Electronic Theses and Dissertations




Wei Liu



Document Type


Degree Name

Doctor of Philosophy



Committee Chair

Vikki G Nolan

Committee Member

Hongmei Zhang

Committee Member

James G Gurney


Contemporary chemotherapy results in a greater than 90% five-year survival rate from childhood acute lymphoblastic leukemia (ALL). However, long-term survivors of childhood ALL still present with a higher prevalence of neurocognitive function problems, specifically executive function deficits, and behavior emotional problems compared to the general population. We conducted two epidemiologic studies of these issues and a Phase II clinical trial to improve executive deficits among long-term childhood ALL survivors. First, we evaluated the association between sustained attention and parent-rated behavioral inattention at the end of chemotherapy, and neurocognitive outcomes at long-term follow-up (LTFU). Patients demonstrated higher frequency of impairment in sustained attention (range 38 - 56%) and behavior inattention (20%) at the end of therapy, and executive function deficits (range 21-54%) at LTFU, compared to national norms. Survivors improved on measures of sustained attention at LTFU. Chemotherapy exposure predicted outcomes at both time points, which suggests early therapeutic interventions on neurocognitive function. Next, we examined the prevalence and pattern of parent- and self-reported child behavioral and emotional symptoms and mental health disorders at LTFU, and the impact of parent self-reported emotional distress and post-traumatic stress symptoms (PTSS) on the report of child’s outcome. Symptoms reported were consistent between child and parent on inattention (28% and 24%), and Oppositional Defiant Disorder (20% and16%). A high proportion of anxiety disorders reported by parents were significantly associated with parent self-reported emotional distress and PTSS rather than with survivors’ self-report of anxiety symptoms, which suggests that emotional distress in parents should be taken into consideration for preventative intervention targeting behavioral outcomes in survivors of childhood ALL. In the final study, we designed and conducted a Phase II trial combining Transcranial Direct Current Stimulation (tDCS) and cognitive training to evaluate feasibility and potential efficacy of tDCS on improving executive function. Participants were adult survivors of ALL with executive function deficits. After 5-weeks of self-administered remote sessions, tDCS showed marginal clinically meaningful effect sizes with low adverse event rate. These findings suggest a larger randomized clinical trial tDCS may be warranted.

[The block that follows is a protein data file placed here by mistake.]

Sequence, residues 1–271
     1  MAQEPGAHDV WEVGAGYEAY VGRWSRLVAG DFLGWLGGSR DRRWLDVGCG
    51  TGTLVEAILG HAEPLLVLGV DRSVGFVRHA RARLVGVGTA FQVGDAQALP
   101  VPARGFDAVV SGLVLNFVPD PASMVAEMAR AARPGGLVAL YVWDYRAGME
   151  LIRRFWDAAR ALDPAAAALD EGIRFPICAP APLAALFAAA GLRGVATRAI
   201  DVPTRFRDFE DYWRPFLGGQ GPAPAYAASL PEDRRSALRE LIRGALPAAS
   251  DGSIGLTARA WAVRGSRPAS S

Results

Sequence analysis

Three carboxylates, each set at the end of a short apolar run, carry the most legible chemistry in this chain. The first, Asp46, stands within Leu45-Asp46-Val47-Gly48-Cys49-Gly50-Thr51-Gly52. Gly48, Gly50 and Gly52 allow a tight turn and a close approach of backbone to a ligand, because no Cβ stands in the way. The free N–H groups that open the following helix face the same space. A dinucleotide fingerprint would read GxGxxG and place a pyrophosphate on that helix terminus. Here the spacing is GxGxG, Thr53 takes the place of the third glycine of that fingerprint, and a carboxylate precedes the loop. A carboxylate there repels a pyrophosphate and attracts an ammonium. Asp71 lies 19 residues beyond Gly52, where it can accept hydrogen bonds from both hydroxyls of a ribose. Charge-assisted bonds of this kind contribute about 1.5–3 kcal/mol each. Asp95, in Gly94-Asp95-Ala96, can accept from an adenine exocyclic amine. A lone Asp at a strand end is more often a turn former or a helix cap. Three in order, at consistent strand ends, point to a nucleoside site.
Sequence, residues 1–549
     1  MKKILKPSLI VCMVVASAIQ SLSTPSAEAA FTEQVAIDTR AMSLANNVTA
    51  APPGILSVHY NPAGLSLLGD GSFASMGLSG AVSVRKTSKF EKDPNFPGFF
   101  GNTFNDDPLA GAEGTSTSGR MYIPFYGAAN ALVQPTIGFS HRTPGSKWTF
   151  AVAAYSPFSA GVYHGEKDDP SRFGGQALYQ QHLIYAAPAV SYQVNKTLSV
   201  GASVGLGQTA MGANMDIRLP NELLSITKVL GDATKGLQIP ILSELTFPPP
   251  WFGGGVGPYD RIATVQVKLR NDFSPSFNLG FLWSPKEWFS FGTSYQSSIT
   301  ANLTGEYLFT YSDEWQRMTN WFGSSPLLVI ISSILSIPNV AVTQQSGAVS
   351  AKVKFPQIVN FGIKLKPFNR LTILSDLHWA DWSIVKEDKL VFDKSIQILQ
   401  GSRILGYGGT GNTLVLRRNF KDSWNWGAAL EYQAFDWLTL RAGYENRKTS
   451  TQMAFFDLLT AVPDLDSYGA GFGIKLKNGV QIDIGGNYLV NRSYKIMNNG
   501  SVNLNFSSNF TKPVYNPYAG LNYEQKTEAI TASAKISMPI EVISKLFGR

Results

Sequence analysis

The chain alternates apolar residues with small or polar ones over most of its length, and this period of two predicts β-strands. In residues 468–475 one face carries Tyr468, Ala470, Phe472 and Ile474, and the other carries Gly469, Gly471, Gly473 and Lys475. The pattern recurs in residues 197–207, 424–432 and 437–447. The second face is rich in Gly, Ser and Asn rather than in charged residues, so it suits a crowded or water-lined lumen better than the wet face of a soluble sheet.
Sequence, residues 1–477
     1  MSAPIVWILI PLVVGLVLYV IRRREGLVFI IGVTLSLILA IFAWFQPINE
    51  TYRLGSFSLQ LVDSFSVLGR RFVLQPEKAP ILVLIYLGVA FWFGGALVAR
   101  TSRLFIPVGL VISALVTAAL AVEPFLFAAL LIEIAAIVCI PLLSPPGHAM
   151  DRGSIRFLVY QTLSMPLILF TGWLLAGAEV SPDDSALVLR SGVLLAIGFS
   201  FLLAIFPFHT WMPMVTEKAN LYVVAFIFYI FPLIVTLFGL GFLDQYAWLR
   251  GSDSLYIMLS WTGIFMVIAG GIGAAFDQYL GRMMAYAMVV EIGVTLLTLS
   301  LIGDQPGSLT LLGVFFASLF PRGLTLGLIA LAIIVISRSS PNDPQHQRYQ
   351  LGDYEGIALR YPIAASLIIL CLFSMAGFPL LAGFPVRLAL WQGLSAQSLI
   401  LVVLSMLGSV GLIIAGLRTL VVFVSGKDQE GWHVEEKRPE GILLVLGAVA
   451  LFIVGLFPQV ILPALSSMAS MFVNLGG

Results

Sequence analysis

Data is provided by the student.

Library Comment

Dissertation or thesis originally submitted to the local University of Memphis Electronic Theses & dissertation (ETD) Repository.